European brook lamprey
The European brook lamprey (Lampetra planeri, also known as the Brook lamprey and the Western brook lamprey) is a small European lamprey species that exclusively inhabits freshwater. This species should not be confused with the North American species Lampetra richardsoni, which is also called the Western brook lamprey.
This lamprey is the most common of the northern European species and is also the smallest. Adult brook lamprey measure from 12-14 cm. The very elongate body is dark blue or greenish above, lightening to yellowish off-white on the sides and pure white below. Like all lampreys they lack paired fins and possess a circular sucking disc instead of jaws. They have a single nostril and seven gill openings on either side.
Although they are found in small streams, as their name suggests, they are also found in larger rivers throughout northern Europe as well as southern France, Italy, Sardinia, the Balkans and the upper reaches of the Volga. It is also found in southeast Alaska.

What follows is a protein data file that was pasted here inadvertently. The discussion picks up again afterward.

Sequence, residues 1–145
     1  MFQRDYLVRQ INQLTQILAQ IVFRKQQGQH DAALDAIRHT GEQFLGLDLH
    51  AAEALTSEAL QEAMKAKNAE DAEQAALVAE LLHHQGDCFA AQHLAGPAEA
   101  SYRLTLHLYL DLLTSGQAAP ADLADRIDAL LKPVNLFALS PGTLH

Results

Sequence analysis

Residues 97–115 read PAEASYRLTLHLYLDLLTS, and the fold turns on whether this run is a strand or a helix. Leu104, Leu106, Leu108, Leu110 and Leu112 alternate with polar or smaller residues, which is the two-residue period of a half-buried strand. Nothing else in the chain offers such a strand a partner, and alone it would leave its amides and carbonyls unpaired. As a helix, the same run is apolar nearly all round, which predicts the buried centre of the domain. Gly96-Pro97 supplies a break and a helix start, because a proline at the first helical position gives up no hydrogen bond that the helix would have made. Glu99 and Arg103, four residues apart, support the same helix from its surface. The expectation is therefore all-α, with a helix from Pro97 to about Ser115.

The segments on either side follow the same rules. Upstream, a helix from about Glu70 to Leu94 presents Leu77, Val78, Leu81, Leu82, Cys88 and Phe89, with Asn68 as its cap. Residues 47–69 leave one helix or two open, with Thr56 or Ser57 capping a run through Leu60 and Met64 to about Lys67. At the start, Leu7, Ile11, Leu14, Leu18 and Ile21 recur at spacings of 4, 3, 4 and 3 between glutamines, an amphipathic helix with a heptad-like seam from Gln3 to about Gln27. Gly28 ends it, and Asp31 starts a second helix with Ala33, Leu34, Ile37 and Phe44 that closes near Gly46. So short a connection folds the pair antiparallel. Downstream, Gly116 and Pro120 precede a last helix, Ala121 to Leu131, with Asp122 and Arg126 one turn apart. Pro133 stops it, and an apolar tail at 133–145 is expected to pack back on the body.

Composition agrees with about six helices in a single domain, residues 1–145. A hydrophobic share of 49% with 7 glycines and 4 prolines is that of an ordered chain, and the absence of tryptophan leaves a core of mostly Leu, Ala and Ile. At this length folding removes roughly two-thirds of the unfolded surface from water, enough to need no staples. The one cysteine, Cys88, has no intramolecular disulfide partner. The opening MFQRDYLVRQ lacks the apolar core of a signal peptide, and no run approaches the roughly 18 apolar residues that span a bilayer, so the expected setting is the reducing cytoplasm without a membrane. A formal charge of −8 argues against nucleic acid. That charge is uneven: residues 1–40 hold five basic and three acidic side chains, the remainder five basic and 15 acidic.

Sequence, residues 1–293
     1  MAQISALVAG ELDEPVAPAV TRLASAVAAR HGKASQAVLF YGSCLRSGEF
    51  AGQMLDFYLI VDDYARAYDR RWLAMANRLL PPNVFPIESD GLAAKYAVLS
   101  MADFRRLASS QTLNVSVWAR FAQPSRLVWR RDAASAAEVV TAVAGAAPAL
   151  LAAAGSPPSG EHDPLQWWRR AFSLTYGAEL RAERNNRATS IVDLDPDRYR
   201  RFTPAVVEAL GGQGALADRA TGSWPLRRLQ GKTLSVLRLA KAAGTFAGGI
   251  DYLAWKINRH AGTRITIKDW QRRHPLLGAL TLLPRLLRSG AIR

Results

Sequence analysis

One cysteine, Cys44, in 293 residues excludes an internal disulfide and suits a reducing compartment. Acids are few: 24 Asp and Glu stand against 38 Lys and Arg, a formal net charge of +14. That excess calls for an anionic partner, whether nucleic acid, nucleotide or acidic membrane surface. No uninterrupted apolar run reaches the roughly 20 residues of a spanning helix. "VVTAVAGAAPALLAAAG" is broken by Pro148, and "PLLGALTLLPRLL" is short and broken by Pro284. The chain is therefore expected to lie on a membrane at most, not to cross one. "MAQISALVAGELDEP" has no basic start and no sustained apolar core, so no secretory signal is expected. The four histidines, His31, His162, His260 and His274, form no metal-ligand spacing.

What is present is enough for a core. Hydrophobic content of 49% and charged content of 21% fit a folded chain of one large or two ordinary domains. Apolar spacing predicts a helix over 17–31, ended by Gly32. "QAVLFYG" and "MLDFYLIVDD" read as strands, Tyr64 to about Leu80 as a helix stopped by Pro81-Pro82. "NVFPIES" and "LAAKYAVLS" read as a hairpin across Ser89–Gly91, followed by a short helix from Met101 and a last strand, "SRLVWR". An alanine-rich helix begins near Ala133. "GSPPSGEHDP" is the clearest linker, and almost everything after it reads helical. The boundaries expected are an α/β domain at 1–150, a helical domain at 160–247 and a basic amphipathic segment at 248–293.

Unlike most species of lamprey, the adults do not migrate to the sea and do not have a parasitic phase. Adult brook lamprey do not feed and in springtime spawn in gravel close to the soft sediment in which they were previously resident. Adult brook lamprey spawn in small groups and die soon after spawning. The eggs hatch within a few days, after which the young larvae bury themselves in soft sediment with only the mouth protruding. The young lampreys are blind filter feeders, feeding on detritus and other organic matter for three to five years before maturing. Metamorphosis begins in the third or fourth year and is complete after the maturation of the gonads. Eyes and suction disk also develops during this time, while the intestinal tract degenerates and loses its function. The full transformation can take up to a year.
- Animal, Smithsonian Institution, 2005
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